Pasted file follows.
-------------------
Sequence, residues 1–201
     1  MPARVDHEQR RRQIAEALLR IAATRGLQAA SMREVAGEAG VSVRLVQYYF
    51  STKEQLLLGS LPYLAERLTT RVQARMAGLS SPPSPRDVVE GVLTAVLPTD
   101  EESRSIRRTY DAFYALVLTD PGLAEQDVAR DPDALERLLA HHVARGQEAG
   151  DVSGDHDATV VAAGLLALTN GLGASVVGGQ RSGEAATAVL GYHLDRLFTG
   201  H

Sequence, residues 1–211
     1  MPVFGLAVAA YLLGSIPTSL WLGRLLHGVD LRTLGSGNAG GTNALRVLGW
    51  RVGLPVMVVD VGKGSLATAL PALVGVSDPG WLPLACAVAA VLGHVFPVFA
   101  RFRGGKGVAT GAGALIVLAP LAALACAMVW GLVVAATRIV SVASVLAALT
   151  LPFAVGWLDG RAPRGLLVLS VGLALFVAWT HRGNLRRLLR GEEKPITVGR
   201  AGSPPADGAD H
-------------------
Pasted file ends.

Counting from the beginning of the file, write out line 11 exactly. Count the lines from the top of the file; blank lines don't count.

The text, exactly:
   151  LPFAVGWLDG RAPRGLLVLS VGLALFVAWT HRGNLRRLLR GEEKPITVGR